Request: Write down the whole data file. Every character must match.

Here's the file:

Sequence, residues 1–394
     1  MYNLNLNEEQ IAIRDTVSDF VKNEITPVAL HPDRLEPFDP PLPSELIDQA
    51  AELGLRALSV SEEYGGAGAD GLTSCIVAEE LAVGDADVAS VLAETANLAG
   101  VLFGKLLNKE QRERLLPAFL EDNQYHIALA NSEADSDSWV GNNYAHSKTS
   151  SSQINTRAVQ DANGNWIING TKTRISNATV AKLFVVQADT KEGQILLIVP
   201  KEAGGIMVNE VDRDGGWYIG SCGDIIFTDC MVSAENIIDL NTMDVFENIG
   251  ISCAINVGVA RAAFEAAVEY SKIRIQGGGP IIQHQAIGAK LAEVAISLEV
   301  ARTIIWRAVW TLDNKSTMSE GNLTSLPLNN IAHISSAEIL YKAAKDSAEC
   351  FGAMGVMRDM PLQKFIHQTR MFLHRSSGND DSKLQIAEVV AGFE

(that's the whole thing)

Sequence, residues 1–394
     1  MYNLNLNEEQ IAIRDTVSDF VKNEITPVAL HPDRLEPFDP PLPSELIDQA
    51  AELGLRALSV SEEYGGAGAD GLTSCIVAEE LAVGDADVAS VLAETANLAG
   101  VLFGKLLNKE QRERLLPAFL EDNQYHIALA NSEADSDSWV GNNYAHSKTS
   151  SSQINTRAVQ DANGNWIING TKTRISNATV AKLFVVQADT KEGQILLIVP
   201  KEAGGIMVNE VDRDGGWYIG SCGDIIFTDC MVSAENIIDL NTMDVFENIG
   251  ISCAINVGVA RAAFEAAVEY SKIRIQGGGP IIQHQAIGAK LAEVAISLEV
   301  ARTIIWRAVW TLDNKSTMSE GNLTSLPLNN IAHISSAEIL YKAAKDSAEC
   351  FGAMGVMRDM PLQKFIHQTR MFLHRSSGND DSKLQIAEVV AGFE